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November 12, 2007

USSC hearing testimony on crack amendment retroactivity

Over at its website, the US Sentencing Commission now has lots of the witnesses' written testimony linked to this planned agenda for the all-day public hearing tomorrow at Georgetown University Law Center concerning whether the USSC's new crack guidelines should be applied retroactively to previously sentenced defendants.  I do not see anything too surprising in the testimony now linked there, though I still expect the hearing will be quite eventful (especially with FAMM encouraging its members to attend).   

I hope attendees will take good notes and perhaps send me reports for posting.  I am especially interested to hear if the Commissioners indicate when they expect to make their decision on retroactivity.   As this article in the Los Angeles Times highlighted this morning, this crack retroactivity decision may be the single most consequential decision to be made by the USSC since the initial guidelines were first promulgated 20 years ago.   (This archive of my crack coverage provides plenty to review in anticiaption for Tuesday's hearing.)

UPDATE:  The Washington Post has this front-page article in its Tuesday edition entitled "Sentences For Crack Offenses Studied; Thousands Could Be Released Soon."  The piece highlights the racial dimensions of the retroactivity issue: "Nearly 86 percent of inmates who would be affected by the change are black; slightly fewer than 6 percent are white.  Ninety-four percent are men."

Also, the Post has this strong op-ed by former Judge Paul Cassell entitled "Repairing a Crack in the System."  He responds to some of the Justice Department's advocacy against retroactivity:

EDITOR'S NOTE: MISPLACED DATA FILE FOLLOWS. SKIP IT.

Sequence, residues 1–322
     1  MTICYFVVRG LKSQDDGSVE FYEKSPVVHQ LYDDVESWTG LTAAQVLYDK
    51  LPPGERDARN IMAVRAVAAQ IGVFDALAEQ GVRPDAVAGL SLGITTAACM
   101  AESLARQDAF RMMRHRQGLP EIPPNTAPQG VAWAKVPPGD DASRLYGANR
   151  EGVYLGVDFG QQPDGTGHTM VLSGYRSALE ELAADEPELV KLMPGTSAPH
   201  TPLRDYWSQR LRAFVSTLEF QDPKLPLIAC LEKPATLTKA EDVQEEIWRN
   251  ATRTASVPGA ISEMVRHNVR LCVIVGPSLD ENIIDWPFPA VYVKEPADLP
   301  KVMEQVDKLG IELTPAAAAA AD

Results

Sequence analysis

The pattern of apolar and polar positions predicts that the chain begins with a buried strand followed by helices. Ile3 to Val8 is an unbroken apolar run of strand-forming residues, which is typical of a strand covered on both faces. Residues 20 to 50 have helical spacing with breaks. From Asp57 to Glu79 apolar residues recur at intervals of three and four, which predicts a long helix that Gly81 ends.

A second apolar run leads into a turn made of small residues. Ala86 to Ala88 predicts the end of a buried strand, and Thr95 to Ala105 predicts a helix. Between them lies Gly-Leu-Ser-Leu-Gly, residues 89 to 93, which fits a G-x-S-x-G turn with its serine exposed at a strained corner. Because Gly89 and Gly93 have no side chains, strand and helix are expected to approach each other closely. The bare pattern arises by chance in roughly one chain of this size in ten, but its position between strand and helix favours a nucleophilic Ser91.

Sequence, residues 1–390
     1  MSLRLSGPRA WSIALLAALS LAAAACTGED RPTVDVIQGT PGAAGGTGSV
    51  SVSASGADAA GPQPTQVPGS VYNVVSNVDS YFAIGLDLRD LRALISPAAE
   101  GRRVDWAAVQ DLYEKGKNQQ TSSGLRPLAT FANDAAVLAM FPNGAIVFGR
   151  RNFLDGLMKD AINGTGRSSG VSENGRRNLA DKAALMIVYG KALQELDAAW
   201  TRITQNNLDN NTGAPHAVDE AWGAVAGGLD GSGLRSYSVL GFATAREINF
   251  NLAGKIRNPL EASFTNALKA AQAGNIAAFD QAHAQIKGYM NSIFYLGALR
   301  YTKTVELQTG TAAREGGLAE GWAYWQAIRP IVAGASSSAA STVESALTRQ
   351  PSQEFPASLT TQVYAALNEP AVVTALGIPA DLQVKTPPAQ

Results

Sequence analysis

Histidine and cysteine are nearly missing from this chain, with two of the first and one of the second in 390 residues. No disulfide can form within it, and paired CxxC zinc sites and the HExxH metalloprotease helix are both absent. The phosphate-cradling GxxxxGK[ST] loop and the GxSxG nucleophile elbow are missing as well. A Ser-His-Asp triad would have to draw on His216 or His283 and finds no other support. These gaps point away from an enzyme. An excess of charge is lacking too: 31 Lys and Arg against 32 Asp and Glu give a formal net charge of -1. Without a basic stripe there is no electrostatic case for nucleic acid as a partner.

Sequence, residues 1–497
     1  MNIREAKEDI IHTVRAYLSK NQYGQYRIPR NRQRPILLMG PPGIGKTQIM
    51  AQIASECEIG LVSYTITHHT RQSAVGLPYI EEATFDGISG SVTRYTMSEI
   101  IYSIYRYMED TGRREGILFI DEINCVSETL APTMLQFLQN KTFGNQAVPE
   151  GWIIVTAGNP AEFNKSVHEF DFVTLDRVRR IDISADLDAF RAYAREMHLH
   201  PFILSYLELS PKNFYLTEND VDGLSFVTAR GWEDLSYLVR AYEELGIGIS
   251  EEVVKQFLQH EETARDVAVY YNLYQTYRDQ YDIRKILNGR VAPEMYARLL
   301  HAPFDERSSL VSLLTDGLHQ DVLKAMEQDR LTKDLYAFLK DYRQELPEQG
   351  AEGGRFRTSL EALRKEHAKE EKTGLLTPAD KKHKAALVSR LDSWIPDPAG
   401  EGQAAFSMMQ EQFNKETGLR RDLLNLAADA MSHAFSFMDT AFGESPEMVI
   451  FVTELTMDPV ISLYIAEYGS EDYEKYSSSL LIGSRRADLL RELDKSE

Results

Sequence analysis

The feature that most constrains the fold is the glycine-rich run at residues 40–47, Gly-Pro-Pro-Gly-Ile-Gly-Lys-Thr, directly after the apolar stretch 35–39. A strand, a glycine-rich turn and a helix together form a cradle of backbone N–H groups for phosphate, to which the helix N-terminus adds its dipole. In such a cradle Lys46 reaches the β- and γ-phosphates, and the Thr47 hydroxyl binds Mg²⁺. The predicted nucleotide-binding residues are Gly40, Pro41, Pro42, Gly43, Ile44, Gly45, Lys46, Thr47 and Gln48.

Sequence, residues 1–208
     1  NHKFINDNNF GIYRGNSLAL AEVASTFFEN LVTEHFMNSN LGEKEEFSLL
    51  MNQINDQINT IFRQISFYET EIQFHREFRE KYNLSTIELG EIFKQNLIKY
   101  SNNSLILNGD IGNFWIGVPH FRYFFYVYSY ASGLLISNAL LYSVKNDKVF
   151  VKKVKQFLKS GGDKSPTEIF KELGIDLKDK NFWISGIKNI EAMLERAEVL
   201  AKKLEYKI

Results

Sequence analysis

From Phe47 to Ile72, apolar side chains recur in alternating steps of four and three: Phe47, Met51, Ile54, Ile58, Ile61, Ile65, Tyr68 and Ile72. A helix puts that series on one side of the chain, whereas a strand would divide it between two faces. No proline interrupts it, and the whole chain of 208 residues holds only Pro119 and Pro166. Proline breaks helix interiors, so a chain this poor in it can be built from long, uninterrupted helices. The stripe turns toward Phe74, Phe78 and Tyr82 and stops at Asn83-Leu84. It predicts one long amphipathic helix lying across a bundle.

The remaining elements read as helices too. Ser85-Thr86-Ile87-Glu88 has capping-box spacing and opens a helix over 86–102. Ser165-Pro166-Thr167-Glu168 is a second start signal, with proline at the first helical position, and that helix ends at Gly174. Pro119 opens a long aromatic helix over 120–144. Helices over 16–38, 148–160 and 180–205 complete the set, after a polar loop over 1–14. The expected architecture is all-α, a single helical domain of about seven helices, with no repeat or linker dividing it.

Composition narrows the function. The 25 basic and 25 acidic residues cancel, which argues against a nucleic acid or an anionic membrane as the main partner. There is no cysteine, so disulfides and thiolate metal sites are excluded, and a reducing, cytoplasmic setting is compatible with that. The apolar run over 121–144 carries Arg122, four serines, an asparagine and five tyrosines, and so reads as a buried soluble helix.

[T]he Justice Department "strongly opposes" such a move. In a letter to the commission, the department expressed concern about the "sweeping impact" retroactive application would have.  This curious, misery-loves-company argument seemingly suggests that the commission should correct small injustices, but not significant ones.

The department also argues that re-sentencing offenders would "impose enormous and unjustified costs" on the federal court system.  But even the department's possibly exaggerated estimate, in the millions of dollars, would be dwarfed by the more than $1 billion that could be saved by releasing prisoners early from expensive prison cells.

November 12, 2007 at 08:52 PM | Permalink

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Comments

yes i am interested in knowing more regarding
if this law will apply to those inmated that
already have been convicted.
PLese email me whatever information is out
there.

Posted by: careim williams | May 15, 2008 9:08:11 AM

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